We're told federal prosecutors in Rhode Island have been looking into this along with undercover agents from the Food and Drug Administration. Our Investigative Correspondent Drew Griffin has been looking into all of this for us.

Drew, you have actually been reporting on this for several years. What is the latest?

DREW GRIFFIN, CNN INVESTIGATIVE CORRESPONDENT: Well, the latest is Google may finally be brought to task for what a lot of people, including state and federal law agencies have been warning Google about, that the hosting of these rogue online pharmacies is giving illegal prescription drugs into hands of people who abuse them, and they need to stop.

We now know that Google was warned specifically. Eric Schmidt, the head of Google was warned three years ago, in a letter written by Joseph Califano, the former secretary of Health, Education and Welfare under Jimmy Carter. He heads the Center Against Substance Abuse. He sent a letter to Schmidt warning him that Google is profiting in this rogue pharmacy business, and he needs to stop it.

BLITZER: You know, Drew, Google isn't talking about this. But do we know if Google has in fact responded to the Justice Department?

GRIFFIN: Yes. To us Google said because it's a legal matter, they won't comment.

But here's what we do know -- in May, Google filed with the Securities and Exchange Commission a report telling its investors that it's setting aside $500 million to potentially settle a suit with the Justice Department. The only thing they stated was the matter involved the use of Google advertising by certain advertisers. So, we know that Google has stockpiled this amount of cash, potentially to pay off what we're told would be a huge, huge fine on this matter -- Wolf.

BLITZER: And how huge of a problem is this, Drew, this whole illegal prescription drug use or abuse, whatever it is? How big of a problem is it?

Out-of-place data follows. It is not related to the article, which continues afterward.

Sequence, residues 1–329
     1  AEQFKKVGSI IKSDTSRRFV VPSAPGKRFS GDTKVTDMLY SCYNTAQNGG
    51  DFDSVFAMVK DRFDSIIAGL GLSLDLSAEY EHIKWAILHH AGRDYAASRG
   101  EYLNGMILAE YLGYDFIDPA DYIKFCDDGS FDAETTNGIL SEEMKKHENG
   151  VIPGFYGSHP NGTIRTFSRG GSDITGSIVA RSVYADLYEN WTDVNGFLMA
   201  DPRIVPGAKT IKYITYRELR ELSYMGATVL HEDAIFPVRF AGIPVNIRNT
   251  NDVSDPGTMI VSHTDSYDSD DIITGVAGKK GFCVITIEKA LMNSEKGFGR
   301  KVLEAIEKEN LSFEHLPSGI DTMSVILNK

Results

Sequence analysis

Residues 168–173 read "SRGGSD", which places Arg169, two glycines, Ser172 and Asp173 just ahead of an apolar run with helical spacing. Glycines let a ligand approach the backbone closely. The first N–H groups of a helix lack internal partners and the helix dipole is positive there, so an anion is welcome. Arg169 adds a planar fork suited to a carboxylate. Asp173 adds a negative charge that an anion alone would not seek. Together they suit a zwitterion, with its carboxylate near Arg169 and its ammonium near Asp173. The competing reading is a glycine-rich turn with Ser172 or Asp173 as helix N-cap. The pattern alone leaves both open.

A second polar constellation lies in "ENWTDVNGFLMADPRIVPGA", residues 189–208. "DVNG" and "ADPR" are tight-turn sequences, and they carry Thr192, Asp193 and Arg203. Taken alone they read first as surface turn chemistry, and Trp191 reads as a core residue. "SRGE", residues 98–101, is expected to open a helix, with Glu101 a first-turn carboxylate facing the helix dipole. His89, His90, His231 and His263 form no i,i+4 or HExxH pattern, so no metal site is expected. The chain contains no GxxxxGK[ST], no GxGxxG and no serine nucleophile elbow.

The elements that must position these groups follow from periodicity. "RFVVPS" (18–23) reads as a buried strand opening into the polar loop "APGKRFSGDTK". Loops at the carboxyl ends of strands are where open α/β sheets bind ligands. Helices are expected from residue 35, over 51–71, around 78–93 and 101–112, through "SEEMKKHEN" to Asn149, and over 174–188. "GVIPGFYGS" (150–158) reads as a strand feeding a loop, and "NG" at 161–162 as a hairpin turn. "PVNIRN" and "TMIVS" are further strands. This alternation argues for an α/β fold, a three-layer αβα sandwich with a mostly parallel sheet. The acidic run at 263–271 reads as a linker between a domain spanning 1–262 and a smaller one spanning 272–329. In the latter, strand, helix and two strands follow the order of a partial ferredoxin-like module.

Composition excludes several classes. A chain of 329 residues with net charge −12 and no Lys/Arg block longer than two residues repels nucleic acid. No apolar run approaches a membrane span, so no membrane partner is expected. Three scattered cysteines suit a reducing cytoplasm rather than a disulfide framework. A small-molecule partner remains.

GRIFFIN: Well, it's the fastest growing abuse of drugs in this country, is prescription drugs. What the studies have shown is that the Internet and the access to that has just increased the level of use by people who want to abuse these drugs. We're talking about drugs that can be used -- well, we've shown you.

We've shown people addicted to these drugs like Soma. They abuse them that. They overdose. Some have even died on them.

And what one study found was not only does the use of illegal prescription drugs has been increasing twofold over the last several years, but in areas where the internet use is the highest, wolf, where the high-speed Internet has been introduced, that is where they see the fastest growth in abuse of prescription drugs. Many people link it directly to the Internet accessibility of the drugs. No questions asked.

BLITZER: Yes. All right. It's a big problem.

Thanks very much, Drew, for that. I know you'll stay on top of the story for our viewers.

Meanwhile, a California man is headed to prison for scamming Chinese immigrants by recruiting them to a phony unit of the United States Army. We have details.

And a federal agency leases -- get this -- a huge, huge office space, but leaves it empty. We're going to tell you how much of your taxpayer money is being wasted.

Stay with us here in THE SITUATION ROOM.


BLITZER: Deadly new clashes today between troops and militants in Yemen. The nation's acting president tells CNN the government has lost control over five provinces, and that security is deteriorating as unrest continues. He spoke exclusively with CNN's Nic Robertson about the health and the fate of Yemen's embattled President Ali Abdullah Saleh.

Saleh was very seriously wounded in an attack on the presidential palace compound this month.


NIC ROBERTSON, CNN SENIOR INTERNATIONAL CORRESPONDENT: Mr. Vice President, you've seen President Saleh. You've seen his injuries. How bad are they?

ABDU RABU MANSOOR HADI, ACTING YEMENI PRESIDENT (through translator): I saw him immediately after the incident. He had burns on his face, burns on his hands, some burns on his chest, and there was a piece of wood that was sticking between his ribs.